Claire Miles explores our Bird Egg collection at Leeds City Museum, after taking over the immense task of documenting over 8000 – 10000 eggs in our museum collections database and making some wonderful discoveries.
The bird egg collection at Leeds City Museum probably contains 8000 – 10000 eggs from all over the world, ranging from a marvellous and complete Elephant Bird egg to the popular and no less marvellous Robin. The vagueness in the number of eggs is because the collection is not yet completely documented on the museum collections database, and my current project aims to get as close as possible to achieving that.
The origins of the collection
A former Leeds City Museum Curator of Natural Science, Adrian Norris, described how almost all the eggs in the collection before the Second World War were destroyed when the museum took a direct hit during the air raid in March 1941. ‘For example the collection of Mr. W.T. Crampton of Roundhay, Leeds, donated in the year 1903-4, was reduced by the bomb from over 1,700 eggs to just over 100 today.’
Norris said that most of the eggs in the collection today came into the museum, directly or indirectly, through the changes to the law in the early 1950s that restricted the collecting of birds’ eggs. He also gave a useful summary of the collection as it was in 1993:
‘The extant egg collections are comprised mainly from the material collected by 8 egg collectors, as listed below…
- Arundel, Maj. W.B., fl. 1895-1907, 132 clutches, 469 eggs;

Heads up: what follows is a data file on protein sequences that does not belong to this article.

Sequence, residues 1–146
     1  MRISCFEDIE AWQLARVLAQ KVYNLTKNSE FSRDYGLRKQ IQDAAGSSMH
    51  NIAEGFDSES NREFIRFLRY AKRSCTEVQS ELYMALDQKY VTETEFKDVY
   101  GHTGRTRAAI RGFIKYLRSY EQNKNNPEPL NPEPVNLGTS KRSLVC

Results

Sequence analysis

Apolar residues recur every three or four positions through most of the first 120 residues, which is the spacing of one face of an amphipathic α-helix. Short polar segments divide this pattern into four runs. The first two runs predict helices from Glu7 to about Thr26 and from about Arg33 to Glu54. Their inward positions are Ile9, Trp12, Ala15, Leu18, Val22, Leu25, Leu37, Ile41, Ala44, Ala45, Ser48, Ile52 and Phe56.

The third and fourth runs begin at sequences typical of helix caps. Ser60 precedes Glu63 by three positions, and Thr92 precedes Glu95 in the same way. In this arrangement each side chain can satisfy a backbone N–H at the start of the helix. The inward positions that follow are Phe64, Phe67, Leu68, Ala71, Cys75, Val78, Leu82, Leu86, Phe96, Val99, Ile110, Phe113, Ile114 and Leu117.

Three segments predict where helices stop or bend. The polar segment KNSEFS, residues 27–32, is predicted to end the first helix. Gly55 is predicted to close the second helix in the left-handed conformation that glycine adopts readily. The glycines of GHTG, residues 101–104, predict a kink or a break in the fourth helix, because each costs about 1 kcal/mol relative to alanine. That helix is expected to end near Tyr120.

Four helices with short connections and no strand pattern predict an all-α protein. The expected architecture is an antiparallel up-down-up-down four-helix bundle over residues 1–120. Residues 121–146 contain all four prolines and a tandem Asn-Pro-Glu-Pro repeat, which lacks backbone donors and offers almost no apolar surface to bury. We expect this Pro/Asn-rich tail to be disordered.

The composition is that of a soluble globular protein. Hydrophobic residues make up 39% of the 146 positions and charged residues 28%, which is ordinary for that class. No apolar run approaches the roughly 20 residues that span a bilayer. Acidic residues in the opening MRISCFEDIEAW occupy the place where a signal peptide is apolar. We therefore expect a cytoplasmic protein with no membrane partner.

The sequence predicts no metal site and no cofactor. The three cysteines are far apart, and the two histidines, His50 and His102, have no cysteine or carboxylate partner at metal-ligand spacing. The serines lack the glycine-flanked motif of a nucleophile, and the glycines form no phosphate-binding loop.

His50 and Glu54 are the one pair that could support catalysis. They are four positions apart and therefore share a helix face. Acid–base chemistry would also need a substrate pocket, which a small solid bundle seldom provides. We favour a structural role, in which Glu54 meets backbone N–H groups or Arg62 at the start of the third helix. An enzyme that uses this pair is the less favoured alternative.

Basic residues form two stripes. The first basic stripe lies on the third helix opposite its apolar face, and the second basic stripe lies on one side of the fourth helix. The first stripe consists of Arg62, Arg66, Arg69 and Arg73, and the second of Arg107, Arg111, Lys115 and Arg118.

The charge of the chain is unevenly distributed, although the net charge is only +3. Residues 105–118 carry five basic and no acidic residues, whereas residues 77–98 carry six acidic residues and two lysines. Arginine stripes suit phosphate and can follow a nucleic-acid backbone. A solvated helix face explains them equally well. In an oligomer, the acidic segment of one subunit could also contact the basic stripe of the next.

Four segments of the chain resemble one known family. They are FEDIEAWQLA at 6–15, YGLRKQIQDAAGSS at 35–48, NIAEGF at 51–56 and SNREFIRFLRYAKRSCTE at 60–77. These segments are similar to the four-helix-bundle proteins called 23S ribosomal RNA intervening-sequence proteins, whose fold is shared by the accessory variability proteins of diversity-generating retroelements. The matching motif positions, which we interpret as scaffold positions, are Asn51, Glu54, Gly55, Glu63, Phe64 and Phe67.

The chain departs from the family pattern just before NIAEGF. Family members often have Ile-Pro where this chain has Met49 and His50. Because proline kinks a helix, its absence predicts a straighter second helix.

- Booth, H.B., (1866-1941) 221 mainly single eggs. U.S.A. & Australia;
- Caley, George C., (1891-1968), 114 clutches, 509 eggs;
- Crampton, W.T., fl. 1897-1951, 42 clutches, 107 eggs;
- Rhodes, C.E., fl.1884-1942, 369 clutches, 1673 eggs;
- Roper, J.G., fl. 1901-1937, 221 clutches, 991 eggs;
- Schluter, W., fl. 1886-1909, 139 clutches, 575 eggs;
- Woodhouse, F.H., fl. 1889-1959, 42 clutches, 197 eggs;
- and many other smaller collections.’
A number of the clutches also came from various museums and organisations rationalising their collections, such as Wakefield Museum’s zoological collection in 1985.
A work in progress
My current project to complete the documentation of the collection picks up from work carried out by a number of people, notably Kirsty Garrod and Glen Roadley during their time as curatorial trainees. Garrod unpacked the egg collection after its move to Leeds Museums Discovery Centre in 2007, with much painstaking re-uniting and repacking of clutches. Roadley worked on photographing the eggs and creating records on the museum collections management database. Another cataloguer, Sarah Burhouse, has worked on the collection in 2016, leaving an estimated 2000-3000 eggs left to document.
Working through the collection also provides an unmissable opportunity to review the condition of the eggs and see if any improvements can be easily made to their storage to keep them safe into the future.
During the ‘great unpacking’ after the 2007 collections move, many eggs were transferred from unsuitable containers to clear ziplock plastic bags. These kept the eggs separate from each other along with their data labels, but left them vulnerable to crushing, so the bags are being swapped for push-fit clear plastic boxes.
It’s important to improve the accessibility of this significant collection for researchers and other potential collection users to make the utmost of the precious information the eggs hold, although the collectors don’t always make it easy when they assume you know where they live, what century it is and who they are!
By Claire Miles, Zoology project placement
Learn more about our Natural Science collection.